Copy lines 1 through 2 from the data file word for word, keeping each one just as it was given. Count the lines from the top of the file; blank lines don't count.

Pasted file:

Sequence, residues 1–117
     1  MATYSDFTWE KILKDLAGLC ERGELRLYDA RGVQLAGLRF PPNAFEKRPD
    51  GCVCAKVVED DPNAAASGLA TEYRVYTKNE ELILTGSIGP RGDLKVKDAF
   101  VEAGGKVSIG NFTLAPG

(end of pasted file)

Sequence, residues 1–117
     1  MATYSDFTWE KILKDLAGLC ERGELRLYDA RGVQLAGLRF PPNAFEKRPD